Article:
How Big Tobacco Keeps Their Consumers Hooked

It’s a problem that’s difficult to Curb.

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The tobacco industry has a fundamental problem. Two-thirds of long-term smokers will die from smoking-related illnesses, and the others will probably quit.

So they need new people to take up smoking in order to keep selling cigarettes over time.

If you can’t advertise, market, or simply show your products in a store, finding new customers can be tricky. However, the world of social media has offered Big T a plethora of opportunities.

These are their tactics to keep existing smokers hooked and prevent new smokers from leaving.

Subtle Vanity Marketing

Cigarette companies spend billions each year on marketing, even though they cannot directly market.

Let’s look at some stats. The money cigarette and smokeless tobacco companies spent in 2019 on U.S. marketing amounted to:

  • $22.5 million each day
  • $25 for every person (adults and children) in the United States per year
  • $240 per year for each U.S. adult smoker

Research also states that these companies try to appeal to the youth and young adults to smoke by portraying nicotine products as stylish and aspirational in a glossy youth-targeted ad campaign. Despite Instagram’s prohibition on the practice, paying social media influencers to advertise e-cigarettes, nicotine pouches, and tobacco and serve as brand ambassadors.

Sponsoring music and sporting events, including a Formula One e-sports tournament that was streamed live on YouTube and accessible to minors.

How Does the Marketing Travel?

This video by The Guardian shows an influencer’s contract with one of the tobacco companies. They order her when to post, how many times, and what hashtags to use. These are not sponsored posts but are an industry-wide secret campaign to normalize smoking and make it cool again.

Humans have an inherent need for social validation. They want to do what’s cool and make them go up in social status.

Here’s how Big T plays to that psyche.

Lobbying

JUUL hired 80 lobbyists to battle state-level legislation that would have prevented youth use at the same time it claimed to be working to reduce vaping among young people.

On a federal level, the firm spent roughly $2 million lobbying between Congress and the federal government in the first half of 2019.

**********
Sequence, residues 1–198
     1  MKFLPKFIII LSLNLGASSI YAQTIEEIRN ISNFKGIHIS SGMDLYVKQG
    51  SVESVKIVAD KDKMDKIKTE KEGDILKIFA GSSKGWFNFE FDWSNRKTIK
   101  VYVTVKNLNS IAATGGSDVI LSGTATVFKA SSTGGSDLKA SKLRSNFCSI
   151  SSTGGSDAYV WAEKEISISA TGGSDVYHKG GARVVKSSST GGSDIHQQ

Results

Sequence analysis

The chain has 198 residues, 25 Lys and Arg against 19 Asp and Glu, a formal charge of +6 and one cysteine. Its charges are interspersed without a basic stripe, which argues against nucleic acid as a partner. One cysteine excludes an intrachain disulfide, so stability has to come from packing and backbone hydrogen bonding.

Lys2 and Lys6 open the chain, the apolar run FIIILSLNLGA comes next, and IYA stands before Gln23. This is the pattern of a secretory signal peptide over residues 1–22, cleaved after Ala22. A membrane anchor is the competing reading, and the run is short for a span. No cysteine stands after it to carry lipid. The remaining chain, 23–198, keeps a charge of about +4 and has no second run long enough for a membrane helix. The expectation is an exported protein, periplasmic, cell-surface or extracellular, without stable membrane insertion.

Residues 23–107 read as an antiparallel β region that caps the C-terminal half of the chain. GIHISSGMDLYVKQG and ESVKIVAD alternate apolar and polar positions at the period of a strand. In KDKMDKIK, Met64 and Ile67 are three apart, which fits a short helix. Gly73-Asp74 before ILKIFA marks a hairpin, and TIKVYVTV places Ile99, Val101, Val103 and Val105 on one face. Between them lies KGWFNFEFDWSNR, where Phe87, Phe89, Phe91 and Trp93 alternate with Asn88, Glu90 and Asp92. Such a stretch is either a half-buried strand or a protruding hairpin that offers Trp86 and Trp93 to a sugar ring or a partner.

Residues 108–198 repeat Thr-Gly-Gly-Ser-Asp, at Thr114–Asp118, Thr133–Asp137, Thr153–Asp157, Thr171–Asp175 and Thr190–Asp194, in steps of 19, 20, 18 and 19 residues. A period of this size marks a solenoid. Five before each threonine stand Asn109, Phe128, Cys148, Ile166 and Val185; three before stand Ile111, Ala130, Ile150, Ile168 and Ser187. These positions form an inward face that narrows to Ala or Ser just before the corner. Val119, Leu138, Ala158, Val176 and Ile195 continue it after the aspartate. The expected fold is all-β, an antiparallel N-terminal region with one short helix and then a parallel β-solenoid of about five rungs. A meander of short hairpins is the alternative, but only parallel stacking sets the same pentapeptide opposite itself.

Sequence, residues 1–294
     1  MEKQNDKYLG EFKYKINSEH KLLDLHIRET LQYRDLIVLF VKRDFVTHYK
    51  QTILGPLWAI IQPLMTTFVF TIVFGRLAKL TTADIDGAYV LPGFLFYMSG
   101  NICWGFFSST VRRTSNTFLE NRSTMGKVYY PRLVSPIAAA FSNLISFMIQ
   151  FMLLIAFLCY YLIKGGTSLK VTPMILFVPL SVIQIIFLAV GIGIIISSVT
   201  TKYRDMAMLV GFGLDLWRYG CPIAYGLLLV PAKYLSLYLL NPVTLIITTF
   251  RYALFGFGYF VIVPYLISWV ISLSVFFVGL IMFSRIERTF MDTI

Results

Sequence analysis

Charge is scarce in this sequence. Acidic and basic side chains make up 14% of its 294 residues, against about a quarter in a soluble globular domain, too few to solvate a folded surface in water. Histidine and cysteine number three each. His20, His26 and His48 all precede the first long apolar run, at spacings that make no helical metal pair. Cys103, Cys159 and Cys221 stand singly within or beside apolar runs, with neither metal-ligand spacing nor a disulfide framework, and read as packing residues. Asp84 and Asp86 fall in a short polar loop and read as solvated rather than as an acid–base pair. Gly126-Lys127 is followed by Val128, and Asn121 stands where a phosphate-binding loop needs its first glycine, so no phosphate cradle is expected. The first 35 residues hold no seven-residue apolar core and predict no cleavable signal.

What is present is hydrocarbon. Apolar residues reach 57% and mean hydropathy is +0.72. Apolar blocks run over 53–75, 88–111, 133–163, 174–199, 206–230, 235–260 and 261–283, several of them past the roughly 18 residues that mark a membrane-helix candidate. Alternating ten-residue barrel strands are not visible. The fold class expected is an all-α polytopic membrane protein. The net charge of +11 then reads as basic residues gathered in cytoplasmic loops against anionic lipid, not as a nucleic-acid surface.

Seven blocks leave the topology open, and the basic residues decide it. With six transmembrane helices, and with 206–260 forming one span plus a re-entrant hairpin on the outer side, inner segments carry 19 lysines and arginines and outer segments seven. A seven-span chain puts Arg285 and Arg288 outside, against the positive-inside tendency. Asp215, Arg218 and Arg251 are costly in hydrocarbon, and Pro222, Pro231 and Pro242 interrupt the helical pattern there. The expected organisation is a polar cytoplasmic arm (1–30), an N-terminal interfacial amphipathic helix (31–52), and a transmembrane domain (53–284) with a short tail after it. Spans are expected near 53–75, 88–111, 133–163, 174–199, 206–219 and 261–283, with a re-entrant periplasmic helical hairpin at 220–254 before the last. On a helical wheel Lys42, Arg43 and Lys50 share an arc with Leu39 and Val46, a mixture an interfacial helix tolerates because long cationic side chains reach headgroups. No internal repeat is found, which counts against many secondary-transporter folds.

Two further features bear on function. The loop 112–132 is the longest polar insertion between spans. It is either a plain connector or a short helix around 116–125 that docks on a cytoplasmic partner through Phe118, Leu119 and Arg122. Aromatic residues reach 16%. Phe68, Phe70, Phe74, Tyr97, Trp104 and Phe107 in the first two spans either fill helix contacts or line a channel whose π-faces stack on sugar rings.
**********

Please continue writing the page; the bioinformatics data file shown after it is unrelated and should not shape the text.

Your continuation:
Tobacco corporations use price cuts to offset tobacco taxes, which have been successful in reducing tobacco use, particularly among the youth.

Design & Flavor

There are new products flooding the market with a sleek USB flash drive design being promoted as high-end lifestyle products, often portrayed as harmless.

Sweet and fruity flavors such as cotton candy and gummy bear are widely available. Some studies have identified around 15000 flavors available on the market, which is quite appealing to the young and naïve.

Targeting various groups

This also has a snowball effect: when one person is doing it, others want to do it too.

Women: They target women with the theme of social desirability. Scroll on Instagram and you will find an endless stream of slim, attractive, and athletic models with a cigarette or JUUL giving talks on freedom and independence.

African Americans: African American communities have been bombarded with direct-mail promotions of campaigns that use pop culture to promote menthol cigarettes.

Homeless: According to research, the tobacco industry has marketed cigarettes to the homeless and seriously mentally ill, part of its “downscale” market. They have also developed relationships with homeless shelters and advocacy groups, gaining positive media coverage and political support.

Targeting Developing Countries

So, where do you look for millions of people who haven’t been exposed to anti-smoking campaigns?

Big T is focusing on developing nations, in order to move the epidemic away from developed countries and toward developing countries.

They are engaging in all the activities that are forbidden in the United Kingdom and the United States. They advertise the market to children and present their items in locations where consumers will see them.

They aim to make those things appear fashionable and highly western in order to entice individuals to take up smoking.

Why Is This a Problem?

Picture this.

There’s this thing that exposes you to a spectrum of diseases that could also ultimately lead to cancer.

Growing children who want to look shiny get attracted by these dirty marketing techniques and buy themselves a vape. Women who are low on self-esteem could scroll on social media, seeing other beautiful women talk about independence with a cigarette in their hand. They’d want to appear like that too.

The worst part? It’s addictive. Once you’re in a loop, it’s difficult to get back. And that’s exactly how the business thrives.

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Manav Golecha

Manav Golecha

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